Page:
For the most part, I don’t recommend listing these transferable skills along with your technical skills in a bullet-point format or in their own skills section. Transferable skills are hard to explain in one or two word phrases and are best left as ways to help describe your experience rather than be standalone reasons why you should be hired. Therefore, I’d recommend detailing these soft skills under your job descriptions.
For example, putting that you are an “effective communicator” is not nearly as flattering as taking a full sentence to describe a situation when you actually communicated effectively.
Instead of writing that you are “a quick learner”, describe situations when you had to learn new systems or job duties while still performing your normal daily tasks.
In short, soft job skills are the types of skills that make you adaptable to different workplace personalities and settings. If written and explained correctly, they can give you a great advantage when making your next resume.
How Many Skills Should You Put On A Resume?
A skills based resume is often needed when the job posting asks for a lot of specific qualifications that need to be listed.
When deciding how many skills to list on a resume you should always list a few more than you think you need.
There is not a specific number of skills that you need to put on your resume. Instead, follow the guidelines below to get a better idea of what is the right amount of skills for your industry, level of experience, and other key factors.
It Depends On The Job
One of the first things you need to consider is the job you are applying for. More specifically, you should investigate the job listing and see how many skills or abilities they are asking for. This will vary a lot depending on what type of job you’re looking into.
For example, if you’re applying for a HVAC technician job then there will be a lot more specific tool & ability knowledge expected of you than compared to a sales or customer service type of position.
Regardless of what type of job you’re looking for, let the company itself tell you the types of things they want to see in a candidate. As long as you can include them without your resume stretching onto a second page, add as many of the skills the company is asking for that you possess.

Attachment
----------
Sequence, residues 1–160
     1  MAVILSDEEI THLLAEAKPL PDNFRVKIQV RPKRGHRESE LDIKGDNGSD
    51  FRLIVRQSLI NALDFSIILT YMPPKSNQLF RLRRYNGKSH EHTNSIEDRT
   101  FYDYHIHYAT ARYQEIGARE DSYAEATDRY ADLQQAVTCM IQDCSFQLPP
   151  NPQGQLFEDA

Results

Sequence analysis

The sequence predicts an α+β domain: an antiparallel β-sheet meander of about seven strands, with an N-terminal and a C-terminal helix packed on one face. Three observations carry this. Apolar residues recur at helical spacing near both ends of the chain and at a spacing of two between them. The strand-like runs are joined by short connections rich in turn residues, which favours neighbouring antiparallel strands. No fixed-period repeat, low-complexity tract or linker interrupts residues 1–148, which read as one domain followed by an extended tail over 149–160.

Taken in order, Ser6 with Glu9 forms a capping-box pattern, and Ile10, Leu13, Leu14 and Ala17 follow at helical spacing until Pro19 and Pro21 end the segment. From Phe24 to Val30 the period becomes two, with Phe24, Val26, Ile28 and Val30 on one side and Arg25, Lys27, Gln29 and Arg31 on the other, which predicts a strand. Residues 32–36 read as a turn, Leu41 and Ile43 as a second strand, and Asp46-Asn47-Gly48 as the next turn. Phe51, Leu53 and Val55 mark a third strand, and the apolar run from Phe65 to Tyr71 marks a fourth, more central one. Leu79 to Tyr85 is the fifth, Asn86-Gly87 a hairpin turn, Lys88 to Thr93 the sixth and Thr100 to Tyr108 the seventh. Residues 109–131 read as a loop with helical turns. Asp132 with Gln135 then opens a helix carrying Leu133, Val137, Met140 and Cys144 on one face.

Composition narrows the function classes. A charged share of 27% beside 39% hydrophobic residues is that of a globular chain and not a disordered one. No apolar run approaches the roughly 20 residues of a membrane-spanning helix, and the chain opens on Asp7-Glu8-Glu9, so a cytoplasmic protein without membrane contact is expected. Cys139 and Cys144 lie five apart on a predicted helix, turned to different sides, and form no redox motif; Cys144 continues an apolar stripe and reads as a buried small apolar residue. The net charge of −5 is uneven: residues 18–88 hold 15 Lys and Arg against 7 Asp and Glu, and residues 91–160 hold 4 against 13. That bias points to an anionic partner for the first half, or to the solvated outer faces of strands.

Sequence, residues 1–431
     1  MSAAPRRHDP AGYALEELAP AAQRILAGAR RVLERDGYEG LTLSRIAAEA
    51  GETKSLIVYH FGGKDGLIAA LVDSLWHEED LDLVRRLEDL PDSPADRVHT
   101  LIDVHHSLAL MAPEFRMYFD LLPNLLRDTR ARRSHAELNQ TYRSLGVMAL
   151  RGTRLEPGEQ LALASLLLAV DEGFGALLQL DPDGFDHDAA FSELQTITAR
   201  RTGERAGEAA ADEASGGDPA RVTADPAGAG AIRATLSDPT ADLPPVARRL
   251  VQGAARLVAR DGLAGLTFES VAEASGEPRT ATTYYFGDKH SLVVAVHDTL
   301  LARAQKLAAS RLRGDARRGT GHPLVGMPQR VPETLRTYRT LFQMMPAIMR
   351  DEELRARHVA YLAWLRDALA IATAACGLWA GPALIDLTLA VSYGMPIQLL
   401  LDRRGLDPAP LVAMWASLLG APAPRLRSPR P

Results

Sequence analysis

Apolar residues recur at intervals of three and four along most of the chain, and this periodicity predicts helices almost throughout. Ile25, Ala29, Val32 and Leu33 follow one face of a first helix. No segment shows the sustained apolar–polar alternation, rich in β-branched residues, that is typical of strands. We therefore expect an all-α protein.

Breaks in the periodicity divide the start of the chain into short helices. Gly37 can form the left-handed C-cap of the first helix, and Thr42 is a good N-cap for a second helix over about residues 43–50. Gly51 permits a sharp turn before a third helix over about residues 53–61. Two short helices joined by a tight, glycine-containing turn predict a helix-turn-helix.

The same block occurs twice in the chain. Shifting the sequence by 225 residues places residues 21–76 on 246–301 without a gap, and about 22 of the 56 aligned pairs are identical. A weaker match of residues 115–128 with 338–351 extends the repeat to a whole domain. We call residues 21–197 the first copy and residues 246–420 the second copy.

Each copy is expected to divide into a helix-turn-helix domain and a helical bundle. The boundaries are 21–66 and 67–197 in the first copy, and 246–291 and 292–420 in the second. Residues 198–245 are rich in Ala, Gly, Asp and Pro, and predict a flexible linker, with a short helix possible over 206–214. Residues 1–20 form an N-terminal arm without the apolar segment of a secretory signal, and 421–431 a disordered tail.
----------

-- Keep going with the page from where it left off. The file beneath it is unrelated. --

You should not be listing any skills that aren’t relevant to the job. They can often be a distraction to the employer and get in the way of your actual strong points.
If you’re having trouble coming up with at least six different one-or-two word skills to list then you may be better off ditching a skills section and instead describing those abilities inside the job descriptions.
It Depends On How Technical Your Skills Are
All of the skills you list need to be relevant to the job.
Your skills should be organized in such a way to show your depth of experience while not taking up too much space on the page.
With this three column skills based resume on the right, you can fit 13 bulleted skills.
Each skill on this resume can be a little bit longer than normal so don’t be afraid to use phrases instead of one word bullet points.
Different Examples For Different Skill Levels
Looking for a resume with just a little bit of space for skills? Check out this 2 column industry specific skills resume:
If you need some extra space to write your professional summary or to describe your education, you can even remove a few skills.
But for the sake of the format and overall look of the resume, I wouldn’t go less than six total skills – three in each column.
If you like the format but have a few more skills to list, the resume has space for up to 10 skills without going onto a second page.
You can also remove job description bullet points to add even more skills!
This resume can list eighteen skills without spilling over onto a second page.
If you have less information to list on your education, the skills section can be expanded even further.
With this much space, you can list more than single word skills.
You can also try listing skills or abilities that are best worded as a phrase or small sentence.
This is a great resume for any type of trade industry applicant. Listing lots of skills in an easy to read matter is a definite strong suit of this resume.
Keep scrolling to view all of our skills based resume templates.